Patient safety has become a major defining issue for healthcare at the beginning of the 21 st century. Viewed from the perspective of reliability of delivery of best practice, healthcare systems demonstrate a degree of imperfection which would not be tolerated in industry. In part, this is because of uncertainty about what constitutes best practice, combined with complex interventions in complex systems. The acutely ill patient is particularly challenging, and as the majority of admissions to hospitals are emergencies, it makes sense to focus on this group as a coherent entity. Changing clinical behavior is central to improving safety, and this requires a systems-wide approach integrating care throughout patient journey, combined with incorporating reliability training in life-long learning.
To err is human: Building a safer health system. Institute of Medicine. Washington: National Academy Press; 2000.
World Health Organisation. Available from: http://www.who.int/patientsafety/en/.
Estimating hospital deaths due to medical errors: Preventability is in the eye of the reviewer. JAMA 2001;286:415-20.
Discrepancies between explicit and implicit review: Physician and Nurse Assessments of Complication and Quality. Health Serv Res 2002;32:483-98.
Profiling quality of care: Is there a role for peer review? BMC Health Services Res 2004;4:9.
The stepped wedge trial design: A systematic review. BMC Med Res Methodol 2006;6:54.
An intervention to decrease catheter-related bloodstream infections in the ICU. N Engl J Med 2006;355:2725-32.
Introduction of medical emergency teams in Australia and New Zealand: A multi-centre study. Crit Care 2008;12:R46.
Introduction of the medical emergency team (MET) system: A cluster randomised controlled trial. Lancet 2005;365:2091-7.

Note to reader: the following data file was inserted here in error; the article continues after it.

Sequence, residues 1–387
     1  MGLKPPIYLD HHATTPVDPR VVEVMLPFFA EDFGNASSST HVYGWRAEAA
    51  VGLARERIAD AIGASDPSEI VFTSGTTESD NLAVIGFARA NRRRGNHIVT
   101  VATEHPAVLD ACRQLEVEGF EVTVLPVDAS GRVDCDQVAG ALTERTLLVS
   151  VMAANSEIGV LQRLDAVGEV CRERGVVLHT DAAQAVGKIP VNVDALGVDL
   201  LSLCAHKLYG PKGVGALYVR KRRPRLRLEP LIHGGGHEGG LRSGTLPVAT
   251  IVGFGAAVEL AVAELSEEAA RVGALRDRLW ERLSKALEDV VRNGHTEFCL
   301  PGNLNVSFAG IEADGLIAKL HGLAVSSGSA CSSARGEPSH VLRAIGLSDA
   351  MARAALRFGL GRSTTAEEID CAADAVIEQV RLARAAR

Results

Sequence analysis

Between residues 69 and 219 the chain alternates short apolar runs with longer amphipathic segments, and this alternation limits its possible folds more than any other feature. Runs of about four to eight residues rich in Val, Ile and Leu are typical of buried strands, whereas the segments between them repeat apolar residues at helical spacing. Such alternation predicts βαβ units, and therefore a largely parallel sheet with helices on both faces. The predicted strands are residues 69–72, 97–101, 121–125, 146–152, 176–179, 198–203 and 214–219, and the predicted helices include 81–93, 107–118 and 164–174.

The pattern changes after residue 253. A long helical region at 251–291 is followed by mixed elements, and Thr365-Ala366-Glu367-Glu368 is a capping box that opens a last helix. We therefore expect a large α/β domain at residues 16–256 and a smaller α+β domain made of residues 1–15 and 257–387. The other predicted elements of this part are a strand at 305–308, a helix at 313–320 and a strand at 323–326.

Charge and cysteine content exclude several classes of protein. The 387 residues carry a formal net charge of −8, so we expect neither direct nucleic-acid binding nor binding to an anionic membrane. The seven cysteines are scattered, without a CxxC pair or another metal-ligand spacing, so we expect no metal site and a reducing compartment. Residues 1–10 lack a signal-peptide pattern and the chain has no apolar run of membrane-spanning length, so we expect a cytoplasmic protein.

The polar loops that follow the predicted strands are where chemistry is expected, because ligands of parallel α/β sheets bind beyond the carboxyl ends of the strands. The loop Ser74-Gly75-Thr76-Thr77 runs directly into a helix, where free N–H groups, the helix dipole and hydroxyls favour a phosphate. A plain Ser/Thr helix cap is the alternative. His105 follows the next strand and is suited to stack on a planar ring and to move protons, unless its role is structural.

Introduction of medical emergency teams in Australia and New Zealand: A multicentre study. Crit Care 2008;12:151.
Improving hospital safety for acutely ill patients: A lancet quintet. I: Current challenges in the care of the acutely ill patient. Lancet 2004;363:970-7.
Improving patient safety-five years after the IOM report. N Engl J Med 2004;351:2041-3.
Consensus Development of an International Competency-Based Training Programme in Intensive Care Medicine. Intensive Care Med 2006;32:1371-83.
National Hospital Ambulatory Medical Care Survey: 2000 emergency department summary. Advance data from vital and health statistics. No. 326. Hyattsville, Md.: National Center for Health Statistics, 2002. (DHHS publication no. (PHS) 2002-1250 02-0259.)
Explaining differences in English hospital death rates using routinely collected data. BMJ 1999;318:1515-20.
UK: Department of Health; 2002.
Available from: http://www.who.dk/emergservices.
Acutely ill patients in hospital: Recognition of, and response to, acute illness in hospitalised adults. National Institute for Clinical Excellence. Available from: http://www.nice.org.uk/CG50. 2007.
Gaps in the continuity of care and progress on patient safety. BMJ 2000;320:791-4.
Views of practicing physicians and the public on medical errors. N Engl J Med 2002;347:1933-40.
The architecture of safety: Hospital design. Curr Opin Crit Care 2007;13:714-9.
Available from: http://www.survivingsepsis.org/.
Preventable medical injuries in older patients. Arch Intern Med 2000;160:2717-28.
A prospective before-and-after trial of a medical emergency team. Med J Aust 2003;179:283-7.
The quality of health care delivered to adults in the USA. N Engl J Med 2003;348:2635-45.
The underutilization of cardiac medications of proven benefit, 1990 to 2002. J Am Coll Cardiol 2003;41:56-61.
Epidemiology of severe sepsis and septic shock in Germany - Results from the German Prevalence Study. Infection 2005;33:49.
Improvement in process of care and outcome after a multicenter severe sepsis educational program in Spain. JAMA 2008;299:2294-303.